Show Your Work!: 10 Ways to Share Your Creativity and Get Discovered by Austin Kleon
The TenX Rule by Grant Cardone
Taking Charge Of Change: Ten Principles For Managing People And Performance by Douglas K. Smith
The Energy Bus: 10 Rules to Fuel Your Life, Work, and Team with Positive Energy by Jon Gordon
Brain Rules: 12 Principles for Surviving and Thriving at Work, Home, and School by John Medina
Today Matters: 12 Daily Practices to Guarantee Tomorrows Success by John C. Maxwell
Business Adventures: Twelve Classic Tales from the World of Wall Street by John Brooks
Disciplined Entrepreneurship: 24 Steps to a Successful Startup by Bill Aulet
30 Things Every Woman Should Have and Should Know by the Time She’s 30 by Pamela Satran
The 48 Laws of Power by Robert Greene
80/20 Sales and Marketing by Perry Marshall
The First 90 Days by Michael Watkins
The $100 Startup by Chris Guillebeau
Debt: The First 5,000 Years by David Graeber
Words that Sell: More than 6000 Entries to Help You Promote Your Products, Services, and Ideas by Richard Bayan
For both lists, I drew from Amazon’s list of the bestselling books in the business category. I don’t pretend this is a rigorous list. Maybe someone with access to BookScan can tabulate whether more books were sold among the titles with odd numbers than the even-numbered titles. That would be revealing.
What’s Your Number?
Odd number in the title, expressed as a numeral.
One thing is clear: titles with numbers, whether odd or even, are very important in marketing books. One blogger asserts, without any evidence, that odd numbers are easier to remember than even numbers. Maybe so. The Guardian recently ran a popular piece that revealed that the world’s favorite number is seven.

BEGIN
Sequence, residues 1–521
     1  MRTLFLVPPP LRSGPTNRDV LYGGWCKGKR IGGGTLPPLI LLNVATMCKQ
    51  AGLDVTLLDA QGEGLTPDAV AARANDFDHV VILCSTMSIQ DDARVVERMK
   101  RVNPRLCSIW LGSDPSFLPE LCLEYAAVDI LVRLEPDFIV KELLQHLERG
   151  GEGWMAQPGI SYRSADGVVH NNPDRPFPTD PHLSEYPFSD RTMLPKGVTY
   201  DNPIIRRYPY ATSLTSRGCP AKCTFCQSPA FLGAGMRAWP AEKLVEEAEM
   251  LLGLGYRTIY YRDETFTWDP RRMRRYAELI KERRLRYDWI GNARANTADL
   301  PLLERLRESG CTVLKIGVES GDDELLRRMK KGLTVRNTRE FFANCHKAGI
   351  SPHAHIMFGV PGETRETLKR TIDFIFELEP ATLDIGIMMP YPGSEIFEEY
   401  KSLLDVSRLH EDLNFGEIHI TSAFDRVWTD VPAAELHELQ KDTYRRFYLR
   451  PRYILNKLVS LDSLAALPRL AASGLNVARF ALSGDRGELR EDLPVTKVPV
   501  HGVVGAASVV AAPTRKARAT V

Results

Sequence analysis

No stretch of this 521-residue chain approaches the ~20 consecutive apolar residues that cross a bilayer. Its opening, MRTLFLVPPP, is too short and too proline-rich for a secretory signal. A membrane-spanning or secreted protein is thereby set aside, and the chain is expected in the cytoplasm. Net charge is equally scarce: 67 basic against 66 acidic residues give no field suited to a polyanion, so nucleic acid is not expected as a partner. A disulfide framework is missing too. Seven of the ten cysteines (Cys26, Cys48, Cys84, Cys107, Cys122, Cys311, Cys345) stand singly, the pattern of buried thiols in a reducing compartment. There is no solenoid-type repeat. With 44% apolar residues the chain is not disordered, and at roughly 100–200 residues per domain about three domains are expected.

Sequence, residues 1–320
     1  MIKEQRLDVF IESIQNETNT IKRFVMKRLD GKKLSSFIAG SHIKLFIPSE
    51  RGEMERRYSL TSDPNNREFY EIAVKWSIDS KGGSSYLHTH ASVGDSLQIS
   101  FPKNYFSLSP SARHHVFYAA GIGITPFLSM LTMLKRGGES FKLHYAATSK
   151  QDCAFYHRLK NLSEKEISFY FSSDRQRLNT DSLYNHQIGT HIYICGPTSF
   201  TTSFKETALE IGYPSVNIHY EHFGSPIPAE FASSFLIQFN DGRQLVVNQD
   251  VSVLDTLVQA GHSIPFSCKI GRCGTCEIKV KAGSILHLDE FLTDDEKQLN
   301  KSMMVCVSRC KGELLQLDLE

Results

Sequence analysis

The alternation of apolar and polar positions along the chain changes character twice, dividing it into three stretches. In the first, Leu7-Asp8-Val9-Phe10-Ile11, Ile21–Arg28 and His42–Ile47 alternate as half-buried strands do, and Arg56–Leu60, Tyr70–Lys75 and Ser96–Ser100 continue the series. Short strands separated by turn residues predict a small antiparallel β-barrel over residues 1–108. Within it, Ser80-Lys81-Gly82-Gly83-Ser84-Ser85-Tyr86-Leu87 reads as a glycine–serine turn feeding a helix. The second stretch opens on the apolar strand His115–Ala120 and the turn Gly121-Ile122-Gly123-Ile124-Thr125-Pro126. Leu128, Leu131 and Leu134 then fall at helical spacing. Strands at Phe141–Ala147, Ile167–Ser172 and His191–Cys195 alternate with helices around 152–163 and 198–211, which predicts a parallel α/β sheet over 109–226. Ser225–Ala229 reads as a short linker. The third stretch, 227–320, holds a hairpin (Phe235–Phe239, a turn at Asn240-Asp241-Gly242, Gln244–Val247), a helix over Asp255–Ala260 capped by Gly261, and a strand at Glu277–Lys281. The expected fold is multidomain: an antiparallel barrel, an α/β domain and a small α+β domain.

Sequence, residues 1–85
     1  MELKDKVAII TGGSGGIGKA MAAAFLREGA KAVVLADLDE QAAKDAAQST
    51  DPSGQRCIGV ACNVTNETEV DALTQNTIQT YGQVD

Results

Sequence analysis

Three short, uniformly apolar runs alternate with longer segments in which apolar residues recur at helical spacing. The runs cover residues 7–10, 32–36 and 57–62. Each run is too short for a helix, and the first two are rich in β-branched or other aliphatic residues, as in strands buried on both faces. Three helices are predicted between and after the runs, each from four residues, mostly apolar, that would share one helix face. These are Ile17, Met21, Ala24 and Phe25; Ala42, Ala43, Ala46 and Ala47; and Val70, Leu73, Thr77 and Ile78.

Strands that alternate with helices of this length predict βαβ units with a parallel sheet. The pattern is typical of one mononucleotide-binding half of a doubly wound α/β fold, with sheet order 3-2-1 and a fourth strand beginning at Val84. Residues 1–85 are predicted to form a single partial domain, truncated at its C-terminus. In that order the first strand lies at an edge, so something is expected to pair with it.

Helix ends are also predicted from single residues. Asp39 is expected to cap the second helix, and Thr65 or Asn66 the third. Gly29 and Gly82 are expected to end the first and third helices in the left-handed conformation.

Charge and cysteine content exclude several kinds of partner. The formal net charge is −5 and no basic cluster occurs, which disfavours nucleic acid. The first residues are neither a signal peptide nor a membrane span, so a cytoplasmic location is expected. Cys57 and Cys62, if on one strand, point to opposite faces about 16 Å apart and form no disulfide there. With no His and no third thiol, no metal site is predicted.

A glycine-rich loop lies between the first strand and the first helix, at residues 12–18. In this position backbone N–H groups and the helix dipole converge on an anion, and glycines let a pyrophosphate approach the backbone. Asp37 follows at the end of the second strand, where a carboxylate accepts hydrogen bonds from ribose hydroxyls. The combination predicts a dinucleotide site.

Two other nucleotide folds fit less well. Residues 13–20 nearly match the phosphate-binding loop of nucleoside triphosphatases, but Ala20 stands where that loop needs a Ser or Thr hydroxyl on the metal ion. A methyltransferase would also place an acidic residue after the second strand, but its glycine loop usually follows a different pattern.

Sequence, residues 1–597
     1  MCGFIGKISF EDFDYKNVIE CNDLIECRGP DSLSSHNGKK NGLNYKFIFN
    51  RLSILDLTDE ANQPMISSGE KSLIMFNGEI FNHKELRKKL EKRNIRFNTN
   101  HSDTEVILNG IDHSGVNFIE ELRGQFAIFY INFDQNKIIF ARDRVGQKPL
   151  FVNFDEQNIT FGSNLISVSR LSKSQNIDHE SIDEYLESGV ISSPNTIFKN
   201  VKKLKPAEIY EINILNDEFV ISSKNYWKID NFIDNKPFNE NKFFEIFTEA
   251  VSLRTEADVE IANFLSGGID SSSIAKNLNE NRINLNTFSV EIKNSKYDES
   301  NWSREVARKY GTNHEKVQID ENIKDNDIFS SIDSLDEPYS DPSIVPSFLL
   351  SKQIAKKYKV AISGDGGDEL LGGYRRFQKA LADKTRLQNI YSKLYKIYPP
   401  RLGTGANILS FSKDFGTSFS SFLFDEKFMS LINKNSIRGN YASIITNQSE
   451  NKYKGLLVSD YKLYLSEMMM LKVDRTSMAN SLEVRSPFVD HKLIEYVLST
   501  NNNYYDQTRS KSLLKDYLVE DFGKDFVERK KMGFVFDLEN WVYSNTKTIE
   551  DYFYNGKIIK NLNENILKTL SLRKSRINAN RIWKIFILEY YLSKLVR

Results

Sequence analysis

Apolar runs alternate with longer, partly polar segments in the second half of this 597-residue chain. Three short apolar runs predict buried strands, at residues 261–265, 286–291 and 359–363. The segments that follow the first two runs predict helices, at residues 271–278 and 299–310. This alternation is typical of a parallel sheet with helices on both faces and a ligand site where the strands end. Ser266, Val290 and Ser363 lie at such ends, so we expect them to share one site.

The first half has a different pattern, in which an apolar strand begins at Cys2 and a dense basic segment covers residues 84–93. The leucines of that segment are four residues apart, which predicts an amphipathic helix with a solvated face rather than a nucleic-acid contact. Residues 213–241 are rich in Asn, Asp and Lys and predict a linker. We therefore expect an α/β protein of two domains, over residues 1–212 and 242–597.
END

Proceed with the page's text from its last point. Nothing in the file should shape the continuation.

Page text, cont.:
I think most people find that some numbers are easier to remember than others. Single digit numbers are easier to remember than two-digit numbers. But some two three-digit numbers are easier to remember than two-digit numbers digit numbers. A team of Dutch researchers published a paper called What Makes a Number Easy to Remember? The team studied over 500 people in their ability to recall numbers from 1 to 100.
The takeaway: the numbers easiest to remember followed this order: Single digit numbers (0-9) followed by teen numbers (10-19) followed by doubled numbers (e.g. 44, 77, 22) followed by numbers which factor and therefore appear in the multiplication tables, such as 49, 36, 60, 84, 27. While memorability for single-digit numbers was above 80 percent, the average memorability for other numbers was around 40 percent. No differences were reported for the memorability of odd or even numbers.
Does any of this persuade you that odd numbers are more effective than even numbers in marketing books? And is it better to use the number as a numeral (The 7 Habits) or spelled out (The Fifth Discipline)?
One thing is clear: selecting titles for books is more art than science. It’s certainly not something that can be determined by the numbers.